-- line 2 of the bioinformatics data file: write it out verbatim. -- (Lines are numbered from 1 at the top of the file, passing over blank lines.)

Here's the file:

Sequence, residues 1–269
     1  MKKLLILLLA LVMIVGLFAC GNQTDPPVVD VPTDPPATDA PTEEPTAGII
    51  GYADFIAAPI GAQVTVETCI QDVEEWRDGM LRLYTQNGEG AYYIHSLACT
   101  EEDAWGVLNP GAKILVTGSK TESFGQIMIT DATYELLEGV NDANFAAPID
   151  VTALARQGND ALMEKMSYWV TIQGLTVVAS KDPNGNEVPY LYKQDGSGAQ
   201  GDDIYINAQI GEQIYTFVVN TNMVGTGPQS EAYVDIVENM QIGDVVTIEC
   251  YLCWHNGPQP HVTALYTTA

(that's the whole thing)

     1  MKKLLILLLA LVMIVGLFAC GNQTDPPVVD VPTDPPATDA PTEEPTAGII